Capacitive Touch with Atmel’s AT42QT1070 Touch Sensor IC

Rather than using an out-of-the-box capacitive touch solution for my projects, I thought I’d attempt making my own little breakout board. The idea is to use a sensor capable of triggering normal digital input pins using touch.
This post covers the selected touch sensor IC, the circuit used, getting a custom PCB made and how to use it in a project. At the end of this post, you’ll find a video covering the soldering and a brief demo of the custom board.

Touch Sensor IC

While searching for capacitive touch solutions, I quickly came across two different ICs: the Freescale MPR121 (as used in the Touch Board) and the Atmel AT42QT10XX. The MPR121 comes in a QFN package, immediately making it more difficult to use. It has up to 12 inputs and an I2C interface. It can operate from 1.7 to 3.6V making it slightly more difficult to work with when using a 5V host.

Comparing the specs of the MPR121 with the AT42QT10XX IC, I decided to pick the latter.

Atmel AT42QT1070

Some of the features worth mentioning are:

  • SOIC14 package
  • up to seven inputs
  • fully debounced outputs
  • suppresses effects of external noise
  • touch sensing using single pin
  • different operation modes (see next paragraph)

According to the datasheet, the keys can also be operated behing panels of glass (up to 10mm thick) or plastic (5mm).

And finally, because it can operate at voltages from 1.8V to 5.5V, it can be used in combination with a wide variety of boards, such as Arduino (5V logic level) or Raspberry Pi (3.3V logic).

Operating modes

There are two modes the touch sensor IC can operate in:

  • comms mode
  • standalone mode

In comms mode, the sensor can have up to seven input keys and interfaces with a master microcontroller or SBC via I2C. The I2C interface can for example also be used to configure sensitivity of the different input keys. A typical connection diagram for comms mode is the following (as provided in the datasheet):


The other mode, standalone mode, does not make use of the I2C interface but rather converts up to five capacitive touch inputs into digital outputs. This is useful to convert digital inputs on a microcontroller board or SBC into capacitive touch inputs. Because the I2C interface is not used, sensitivity of the touch inputs cannot be configured and is static. The connection diagram for standalone mode is the following:


Different versions

Depending on the application’s required number of inputs, different ICs of the same family can be used.

Just to name a few:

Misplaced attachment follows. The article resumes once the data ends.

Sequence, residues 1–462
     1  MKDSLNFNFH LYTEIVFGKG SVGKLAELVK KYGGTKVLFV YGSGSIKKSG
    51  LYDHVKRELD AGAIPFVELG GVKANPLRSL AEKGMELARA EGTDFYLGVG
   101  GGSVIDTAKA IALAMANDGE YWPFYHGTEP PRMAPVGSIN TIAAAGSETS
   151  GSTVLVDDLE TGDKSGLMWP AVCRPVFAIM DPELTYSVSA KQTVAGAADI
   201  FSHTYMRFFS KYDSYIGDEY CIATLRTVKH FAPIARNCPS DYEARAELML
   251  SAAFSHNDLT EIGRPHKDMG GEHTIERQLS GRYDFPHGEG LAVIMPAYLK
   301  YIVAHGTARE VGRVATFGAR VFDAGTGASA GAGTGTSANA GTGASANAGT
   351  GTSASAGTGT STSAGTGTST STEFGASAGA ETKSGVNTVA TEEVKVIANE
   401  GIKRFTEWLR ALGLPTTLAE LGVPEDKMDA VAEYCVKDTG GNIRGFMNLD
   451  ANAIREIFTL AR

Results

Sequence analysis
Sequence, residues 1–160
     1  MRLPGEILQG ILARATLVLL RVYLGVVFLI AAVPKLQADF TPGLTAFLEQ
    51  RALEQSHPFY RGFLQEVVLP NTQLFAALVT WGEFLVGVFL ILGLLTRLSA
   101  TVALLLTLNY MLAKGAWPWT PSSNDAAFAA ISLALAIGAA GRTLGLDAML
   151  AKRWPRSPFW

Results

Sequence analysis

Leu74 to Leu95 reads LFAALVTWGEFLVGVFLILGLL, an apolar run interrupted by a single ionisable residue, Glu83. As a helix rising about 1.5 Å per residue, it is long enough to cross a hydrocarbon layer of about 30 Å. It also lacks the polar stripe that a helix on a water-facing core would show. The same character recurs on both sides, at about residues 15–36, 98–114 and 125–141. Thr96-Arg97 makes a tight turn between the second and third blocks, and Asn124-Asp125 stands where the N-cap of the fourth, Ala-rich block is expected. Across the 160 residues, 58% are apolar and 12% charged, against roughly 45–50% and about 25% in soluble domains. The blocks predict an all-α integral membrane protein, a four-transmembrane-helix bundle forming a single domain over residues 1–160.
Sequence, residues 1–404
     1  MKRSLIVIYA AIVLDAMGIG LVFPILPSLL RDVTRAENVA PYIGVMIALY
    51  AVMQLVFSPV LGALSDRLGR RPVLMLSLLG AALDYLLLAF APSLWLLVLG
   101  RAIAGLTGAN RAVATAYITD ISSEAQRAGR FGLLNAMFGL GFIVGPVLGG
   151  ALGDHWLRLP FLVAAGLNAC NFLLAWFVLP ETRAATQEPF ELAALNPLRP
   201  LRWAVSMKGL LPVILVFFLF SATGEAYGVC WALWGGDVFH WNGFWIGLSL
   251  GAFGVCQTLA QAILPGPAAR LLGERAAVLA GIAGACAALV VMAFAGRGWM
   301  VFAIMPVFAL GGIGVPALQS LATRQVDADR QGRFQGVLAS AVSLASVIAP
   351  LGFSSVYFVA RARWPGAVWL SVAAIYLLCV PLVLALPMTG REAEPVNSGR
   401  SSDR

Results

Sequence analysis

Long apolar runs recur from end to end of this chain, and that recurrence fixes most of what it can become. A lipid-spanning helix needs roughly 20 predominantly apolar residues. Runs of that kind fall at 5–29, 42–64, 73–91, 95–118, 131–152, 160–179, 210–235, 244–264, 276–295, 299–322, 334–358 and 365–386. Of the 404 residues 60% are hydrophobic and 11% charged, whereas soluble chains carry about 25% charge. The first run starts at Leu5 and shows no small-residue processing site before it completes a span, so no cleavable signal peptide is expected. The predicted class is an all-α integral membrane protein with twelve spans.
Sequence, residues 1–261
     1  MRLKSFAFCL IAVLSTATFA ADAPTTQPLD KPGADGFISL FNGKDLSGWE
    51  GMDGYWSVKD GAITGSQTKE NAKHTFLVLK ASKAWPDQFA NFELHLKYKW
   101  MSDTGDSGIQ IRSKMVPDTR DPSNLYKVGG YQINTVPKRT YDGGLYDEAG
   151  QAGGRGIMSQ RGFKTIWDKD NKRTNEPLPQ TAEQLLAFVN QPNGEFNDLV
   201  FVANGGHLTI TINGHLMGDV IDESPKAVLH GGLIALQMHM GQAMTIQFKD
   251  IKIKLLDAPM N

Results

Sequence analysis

• AT42QT1010: single channel
  • AT42QT1040: four channels
  • AT42QT1111: eleven channels

A full list can be found here: Dedicated Touch Devices

Schematic and Board

I chose to make a breakout board for the standalone mode. The circuit is simple as it only involves the touch IC, a couple of resistors and a capacitor. It was a bit trickier to fit everything in the smallest form factor possible, but that worked out well as you can see below.

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The schematic and board were created using Eagle and the AT42QT1070 component was downloaded from the Farnell page of the part (AT42QT1070-SSU – ATMEL – SENSOR, QTOUCH, 7-KEY, 14SOIC | Farnell element14).

This is only a first version. I’ll be releasing the files after some possible improvements, such as:

  • including pull-up resistors for the input pins rather than relying on the attached microcontroller board/SBC using internal pull-ups
  • LED indicators to show which input is active, as this may be useful for easy troubleshooting


To get the PCB done, I used SeeedStudio. The service is cheap, at about $12 for 10 boards, including shipping. The only downside is perhaps the fact that it takes two weeks between ordering and receiving the boards. While waiting for the PCB to arrive, I ordered the parts so I could populate the board once it got here. I purchased the AT42QT1070 from Farnell, the other bits I had available.

Once all the pieces were available, I took out the soldering paste, heated the pre-heater and hot air rework station, laid out the components on the board and reflowed the solder. The result can be witnessed in the pictures below. To see the whole process, be sure to watch the video at the end of this post.

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Before hooking up the board to something else, I used my multimeter to check all the connections were correct and no shorts were introduced while soldering.


For testing, I decided to used the breakout board in combination with a Raspberry Pi. The board was powered using the Raspberry Pi’s 3.3V and GND pins. The touch sensor’s first output was connected to the Pi’s GPIO17 and the sensor’s first input to a jumper wire.

Using the code below, GPIO17 is configured with internal pull-up resistor and is pulled low when the sensor’s first input is touched.

The code can easily be extended to support all five inputs, as long as the GPIO pins are configured with internal pull-up.


In the video below, you can see me populating and soldering the custom PCB, followed by a little demo of the board used with a Raspberry Pi.

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